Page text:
Port Huron

Port Huron

Port Huron, city (1990 pop. 33,694), seat of St. Clair co., S Mich., a natural, deepwater port of entry at the junction of the St. Clair River with Lake Huron; inc. 1857. It is a shipping center with railroad shops and plants that manufacture transportation equipment, building materials, machinery, salt, metal and paper products, chemicals, consumer goods, and electrical equipment. The earliest European settlement began (1686) with the French fort St. Joseph. The town grew after the building (1826) of Fort Gratiot Turnpike (between Port Huron and Detroit), ushering in a lumbering era. Local deposits of salt, oil, and natural gas were developed. Port Huron is connected by a railway tunnel and an international bridge with Sarnia, Ont. The old Fort Gratiot lighthouse marks the St. Clair straits off Port Huron. Thomas Edison grew up in the city.

Port Huron is a city in the U.S. state of Michigan. As of the 2000 census the city had a population of 32,338, with a 2006 estimate of 31,302. It is the county seat of St. Clair County. The city is adjacent to Port Huron Township but is administratively autonomous. It is joined by the Blue Water Bridge over the St. Clair River to Sarnia, Ontario in Canada. The city lies at the southern end of Lake Huron and is the easternmost point on land in Michigan.

The city was a recipient of the All-America City Award in 2005.

History

In 1814, Fort Gratiot was established at the base of Lake Huron and was considered the first organized population in the area. In 1857, Port Huron became an incorporated city. Port Huron's population grew rapidly after the 1850s due in part to a successful shipbuilding and lumber trade. By 1870, Port Huron's population exceeded that of surrounding villages. In 1871, the Supreme Court designated Port Huron as the County Seat.

On Sunday, October 8 1871, the city, as well as White Rock and surrounding areas, burned in a devastating fire. A series of other fires leveled Holland and Manistee, Michigan, as well as Peshtigo, Wisconsin and Chicago on the same day.

The following historic sites have been recognized by the State of Michigan through its historic marker program.

  • Fort St. Joseph. The fort was built in 1686 by the French explorer Duluth. This fort was the second European settlement in lower Michigan. This post guarded the upper end of the vital waterway joining Lake Erie and Lake Huron. Designed to bar English traders from the upper lakes, the fort in 1687 was the mobilization center for a war party of French and Indians. In 1688 it was abandoned, but the site became part of Fort Gratiot in 1814. A park now rests where the fort once stood.
  • Fort Gratiot Light. The Fort Gratiot Lighthouse was built in 1829 to replace a tower destroyed by a storm. In the 1860s workers extended the tower to its present height of . The light, automated in 1933, continues to guide shipping on Lake Huron into the narrow and swift-flowing St. Clair River. It was the first lighthouse established in the State of Michigan.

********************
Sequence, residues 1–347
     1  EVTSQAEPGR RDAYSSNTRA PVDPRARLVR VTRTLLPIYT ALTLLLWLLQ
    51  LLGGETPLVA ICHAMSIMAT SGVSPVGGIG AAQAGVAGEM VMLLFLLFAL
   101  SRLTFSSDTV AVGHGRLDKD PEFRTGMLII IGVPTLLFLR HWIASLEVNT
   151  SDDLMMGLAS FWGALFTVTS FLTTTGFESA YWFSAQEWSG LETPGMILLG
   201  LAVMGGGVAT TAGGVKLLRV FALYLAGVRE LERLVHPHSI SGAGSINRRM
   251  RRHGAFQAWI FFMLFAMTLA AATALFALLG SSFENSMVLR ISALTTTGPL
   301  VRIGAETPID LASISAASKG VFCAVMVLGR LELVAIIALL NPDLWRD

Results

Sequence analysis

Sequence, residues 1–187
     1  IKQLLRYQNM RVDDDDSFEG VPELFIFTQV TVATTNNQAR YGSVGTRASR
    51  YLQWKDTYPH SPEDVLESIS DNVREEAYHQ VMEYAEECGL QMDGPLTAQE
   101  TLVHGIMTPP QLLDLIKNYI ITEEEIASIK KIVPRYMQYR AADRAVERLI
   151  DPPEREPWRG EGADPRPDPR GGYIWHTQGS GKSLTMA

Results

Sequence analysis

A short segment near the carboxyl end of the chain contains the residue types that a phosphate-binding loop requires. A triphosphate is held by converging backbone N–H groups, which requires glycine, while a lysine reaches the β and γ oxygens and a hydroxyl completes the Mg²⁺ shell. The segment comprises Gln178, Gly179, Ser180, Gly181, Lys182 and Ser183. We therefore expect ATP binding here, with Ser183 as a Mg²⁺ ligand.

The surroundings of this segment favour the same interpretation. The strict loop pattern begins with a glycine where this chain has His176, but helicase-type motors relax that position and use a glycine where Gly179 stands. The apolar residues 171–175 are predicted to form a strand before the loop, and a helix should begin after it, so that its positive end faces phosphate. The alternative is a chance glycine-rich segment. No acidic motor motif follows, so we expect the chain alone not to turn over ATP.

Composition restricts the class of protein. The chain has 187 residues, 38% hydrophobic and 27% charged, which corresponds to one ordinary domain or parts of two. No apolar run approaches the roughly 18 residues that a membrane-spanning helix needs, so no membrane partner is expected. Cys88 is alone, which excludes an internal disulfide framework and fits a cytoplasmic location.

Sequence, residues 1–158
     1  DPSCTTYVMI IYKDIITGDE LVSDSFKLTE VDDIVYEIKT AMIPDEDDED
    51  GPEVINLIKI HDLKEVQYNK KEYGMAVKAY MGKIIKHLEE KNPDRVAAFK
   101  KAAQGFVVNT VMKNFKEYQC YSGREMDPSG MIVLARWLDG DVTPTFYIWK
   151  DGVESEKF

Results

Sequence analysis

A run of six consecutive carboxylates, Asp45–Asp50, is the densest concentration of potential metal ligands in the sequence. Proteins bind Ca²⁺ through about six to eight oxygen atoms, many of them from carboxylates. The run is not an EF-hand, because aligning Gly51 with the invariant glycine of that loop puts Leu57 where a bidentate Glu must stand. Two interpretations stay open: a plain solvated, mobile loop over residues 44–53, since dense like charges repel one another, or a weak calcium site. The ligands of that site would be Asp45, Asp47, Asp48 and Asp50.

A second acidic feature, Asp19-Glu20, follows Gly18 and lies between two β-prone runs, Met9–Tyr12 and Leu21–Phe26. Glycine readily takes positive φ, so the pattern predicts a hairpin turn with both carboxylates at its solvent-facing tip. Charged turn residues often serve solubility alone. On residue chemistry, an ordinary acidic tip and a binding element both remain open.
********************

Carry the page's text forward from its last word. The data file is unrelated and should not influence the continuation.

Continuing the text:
• Grand Trunk Railroad Deport. The depot, which is now part of the Port Huron Museum, is where 12-year-old Tom Edison departed daily on the Port Huron - Detroit run. In 1859, the railroad's first year of operation, Tom persuaded the company to let him sell newspapers and confections on the daily trips. He became so successful the he soon placed two newsboys on other Grand Trunk runs to Detroit. He made enough money to support himself and to buy chemicals and other experimental materials.
  • Port Huron Public Library. In 1902 the city of Port Huron secured money from philanthropist Andrew Carnegie to erect a municipal library. In 1904, a grand Beaux-Arts-style structure was built at a cost of $45,000. At its dedication, Melvil Dewey, creator of a widely used book classification system, delivered the opening address. The Port Huron Public Library served in its original capacity for over sixty years. In 1967 a larger public library was constructed. The following year the former library opened as the Port Huron Museum of Arts and History. A rear addition was constructed in 1988.
  • The Harrington Hotel. The Hotel opened in 1896. It is a blend of Romanesque, Classical and Queen Anne architecture. The hotel closed in 1986, but a group of investors bought the structure that same year to convert it into housing for senior citizens. The Harrington Hotel is listed on the National Register of Historic Places.
  • The Grand Trunk Western Railroad Tunnel. The tunnel was opened in 1891 and links Port Huron, Michigan with Canada. This international submarine railway tunnel was the first international tunnel in the world. The tunnel's total length is , with underwater. The tunnel operations were electrified in 1908 and then converted to diesel fuel in 1958. Tracks were lowered in 1949 to accommodate larger freight cars. During World War I, a plot to blast the tunnel was foiled. A new tunnel has since been opened.
  • In 1962, a convention of the Students for a Democratic Society was held in the city. While there they developed the Port Huron Statement, the SDS manifesto.

Geography

  • According to the United States Census Bureau, the city has a total area of 12.2 square miles (31.7 km²), of which, 8.1 square miles (20.9 km²) of it is land and 4.2 square miles (10.8 km²) of it (33.99%) is water.
  • It is considered to be part of the Thumb of Michigan, which in turn is a subregion of the Flint/Tri-Cities.
    • Port Huron is the principal city of the Blue Water Area, a subregion of the Thumb.
  • The eastern most point of Michigan can be found in Port Huron, just south of the Blue Water Bridge.

Demographics

As of the census of 2000, there were 32,338 people, 12,961 households, and 8,048 families residing in the city. The population density was 4,001.9 per square mile (1,545.3/km²). There were 14,003 housing units at an average density of 1,732.9/sq mi (669.1/km²). The racial makeup of the city was 86.69% White, 7.74% African American, 0.87% Native American, 0.55% Asian, 0.01% Pacific Islander, 1.32% from other races, and 2.81% from two or more races. Hispanic or Latino of any race were 4.28% of the population. 23.9% were of German, 10.1% Irish, 9.4% English, 8.6% United States or American and 6.1% Polish ancestry according to Census 2000.